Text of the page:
ROBISON: Yeah, I sort of learned to, you know, talk about it on, you know, forums with people who were also interested in it and not with as many, you know, of my real-life peers.

DONVAN: And is that a difficult adjustment to make?

ROBISON: I wouldn't - I'd say it's more frustrating than anything because, you know, I'll have something in my head that I want to tell everyone about, but I know they really don't care.

(SOUNDBITE OF LAUGHTER)

DONVAN: So Kirsten, what was your story, your dating history before meeting Jack?

LINDSMITH: I have had more significant others than Jack, though not very many. Let's see. When I was about 15 or so, a sophomore in high school, I briefly dated one of my best friends. And when I say dated, I mean that we went on one date and - where we just sat next to each other and ate sandwiches, and it was very awkward. And for the rest of the time when we were dating, we basically did not change our relationship at all from friends because I was so awkward, and he even had to ask permission to hug me.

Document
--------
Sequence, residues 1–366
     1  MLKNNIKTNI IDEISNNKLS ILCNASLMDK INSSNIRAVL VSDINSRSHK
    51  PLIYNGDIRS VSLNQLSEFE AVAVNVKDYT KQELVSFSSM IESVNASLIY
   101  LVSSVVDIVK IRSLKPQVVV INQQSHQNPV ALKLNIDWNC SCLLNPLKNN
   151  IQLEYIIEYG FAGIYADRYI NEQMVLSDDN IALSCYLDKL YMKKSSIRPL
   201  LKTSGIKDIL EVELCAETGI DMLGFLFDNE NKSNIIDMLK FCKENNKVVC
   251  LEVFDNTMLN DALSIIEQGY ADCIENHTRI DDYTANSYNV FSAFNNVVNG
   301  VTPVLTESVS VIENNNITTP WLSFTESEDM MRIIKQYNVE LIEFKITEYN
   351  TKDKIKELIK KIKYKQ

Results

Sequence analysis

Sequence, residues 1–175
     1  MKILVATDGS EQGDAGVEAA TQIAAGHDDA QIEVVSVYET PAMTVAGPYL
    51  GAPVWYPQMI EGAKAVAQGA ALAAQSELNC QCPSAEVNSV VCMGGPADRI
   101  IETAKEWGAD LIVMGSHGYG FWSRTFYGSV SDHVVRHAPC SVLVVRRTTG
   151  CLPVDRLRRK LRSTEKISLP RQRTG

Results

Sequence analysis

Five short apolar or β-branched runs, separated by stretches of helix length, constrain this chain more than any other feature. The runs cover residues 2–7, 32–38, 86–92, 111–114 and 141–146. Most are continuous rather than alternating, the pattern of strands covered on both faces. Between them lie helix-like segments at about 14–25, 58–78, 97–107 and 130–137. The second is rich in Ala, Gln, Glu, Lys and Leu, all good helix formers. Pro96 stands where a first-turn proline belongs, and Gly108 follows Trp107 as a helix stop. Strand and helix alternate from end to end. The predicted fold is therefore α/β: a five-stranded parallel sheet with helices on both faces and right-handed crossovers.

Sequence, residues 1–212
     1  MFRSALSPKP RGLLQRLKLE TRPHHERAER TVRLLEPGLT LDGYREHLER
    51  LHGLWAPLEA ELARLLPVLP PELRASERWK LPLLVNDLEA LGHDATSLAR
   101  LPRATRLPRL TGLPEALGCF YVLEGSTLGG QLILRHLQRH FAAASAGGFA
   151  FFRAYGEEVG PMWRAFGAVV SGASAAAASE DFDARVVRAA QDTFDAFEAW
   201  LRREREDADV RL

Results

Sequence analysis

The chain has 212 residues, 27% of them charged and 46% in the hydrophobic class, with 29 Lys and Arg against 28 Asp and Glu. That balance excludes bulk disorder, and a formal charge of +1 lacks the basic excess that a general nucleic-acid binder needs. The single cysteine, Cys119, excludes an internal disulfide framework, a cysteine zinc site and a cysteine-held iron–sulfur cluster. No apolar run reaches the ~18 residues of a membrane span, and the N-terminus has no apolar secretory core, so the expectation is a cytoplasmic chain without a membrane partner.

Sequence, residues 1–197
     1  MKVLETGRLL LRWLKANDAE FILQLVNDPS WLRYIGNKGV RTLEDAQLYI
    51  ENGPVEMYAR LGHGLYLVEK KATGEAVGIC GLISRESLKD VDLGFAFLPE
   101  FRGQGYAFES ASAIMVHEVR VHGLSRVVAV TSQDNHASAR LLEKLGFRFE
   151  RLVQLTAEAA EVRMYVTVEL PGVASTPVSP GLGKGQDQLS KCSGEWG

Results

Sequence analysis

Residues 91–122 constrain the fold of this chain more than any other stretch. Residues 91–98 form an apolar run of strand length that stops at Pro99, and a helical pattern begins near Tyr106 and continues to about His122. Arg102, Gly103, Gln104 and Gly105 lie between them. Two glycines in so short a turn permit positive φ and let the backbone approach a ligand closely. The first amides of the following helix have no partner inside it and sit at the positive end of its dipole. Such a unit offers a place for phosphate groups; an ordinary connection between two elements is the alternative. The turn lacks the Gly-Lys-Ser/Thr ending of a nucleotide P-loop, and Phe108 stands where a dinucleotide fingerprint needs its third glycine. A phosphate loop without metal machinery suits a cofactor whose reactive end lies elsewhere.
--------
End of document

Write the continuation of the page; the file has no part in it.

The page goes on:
But - and so that broke off pretty quickly. And then after that, I briefly dated very casually another guy in my class who I didn't know very well, and that was sort of like we went to the movies, that sort of thing.

DONVAN: When you use the word awkward, do you see yourself as awkward, or was the boy involved telling you that you were awkward?

LINDSMITH: Oh, no. I was awkward, as in I can't even really articulate why, but I was - I think I would most articulate it as I was not ready for a relationship. I was still stuck in kind of the childlike mindset of, oh, people will know that I like somebody, and that's bad, that people will make fun of me for liking somebody, and that even somehow even if he were to know that I liked him - like, I didn't want to hug him or kiss him because then he would know that I liked him, even though we were dating and we obviously were supposed to like each other, that it was sort of somehow embarrassing for me.